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How to Dispose of Used Batteries, Fluids

Old parked car

After maintaining our vehicles, we are often left with used fluids and parts. Some are easily disposed of, some are not. Most used parts either have "core value" that can be cashed in at the auto parts store or they can be recycled for their base metal value. Parts that are not considered hazardous materials can be thrown in the garbage. But hazardous materials are not so easily disposed of.

Here's what you can do with the fluids and parts that cannot be simply thrown in the dumpster.


Engine Oil, Transmission Fluid, Brake Fluid, Power Steering Fluid, etc.

Most auto parts stores and many garages will accept used oils of these types free of charge. Some may ask for a disposal fee. Many recycling centers accept them as well. Most of the places that accept the fluids will also accept filters for those fluids.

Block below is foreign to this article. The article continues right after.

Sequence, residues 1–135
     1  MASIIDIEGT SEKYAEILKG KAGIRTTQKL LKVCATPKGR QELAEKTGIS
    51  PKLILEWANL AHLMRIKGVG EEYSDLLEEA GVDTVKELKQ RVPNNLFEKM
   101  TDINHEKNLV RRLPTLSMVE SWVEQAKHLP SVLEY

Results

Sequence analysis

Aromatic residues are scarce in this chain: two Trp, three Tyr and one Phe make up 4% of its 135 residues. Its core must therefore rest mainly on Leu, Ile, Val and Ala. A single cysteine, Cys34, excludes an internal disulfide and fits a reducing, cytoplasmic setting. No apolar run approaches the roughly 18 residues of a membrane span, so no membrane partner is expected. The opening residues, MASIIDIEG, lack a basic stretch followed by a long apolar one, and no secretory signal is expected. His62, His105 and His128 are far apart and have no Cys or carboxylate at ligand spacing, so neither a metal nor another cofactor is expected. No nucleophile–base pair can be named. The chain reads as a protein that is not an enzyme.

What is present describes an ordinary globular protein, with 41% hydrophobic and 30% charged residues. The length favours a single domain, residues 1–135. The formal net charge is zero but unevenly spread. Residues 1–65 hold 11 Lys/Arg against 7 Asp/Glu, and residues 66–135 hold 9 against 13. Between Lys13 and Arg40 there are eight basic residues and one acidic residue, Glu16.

Put the oils into a tightly-sealed, plastic container like oil or washer fluid containers. Most of the time, you can mix them together if you'd like as they all end up in the same bins for recycling. They're usually recycled into home heating oil or reprocessed to make new lubricants.



The coolant in your car contains anti-freeze agents that are usually considered toxic. Many parts stores will accept coolant free of charge as will some garages. Hazardous waste facilities will often accept it as well, but usually only under specific conditions. One of those will be that it be contained in its original container and not be mixed with anything else.

When replacing coolant, keep the containers for the new anti-freeze and use them to store the used stuff after you've drained and replaced. Most recycled coolant is just cleaned and refurbished for re-use. Most coolant is disposed of as hazardous waste by either burning or burying.

Old Tires

These are by far the most difficult thing for most home mechanics to get rid of. Some people repurpose old tires into things like planters, garden borders, etc. Most recycling centers and tire stores will take the tire for a fee.

Old tires are usually shredded to be used as asphalt or soil additives or ground to be used as additives for various uses like track and field surfaces or road tar additives.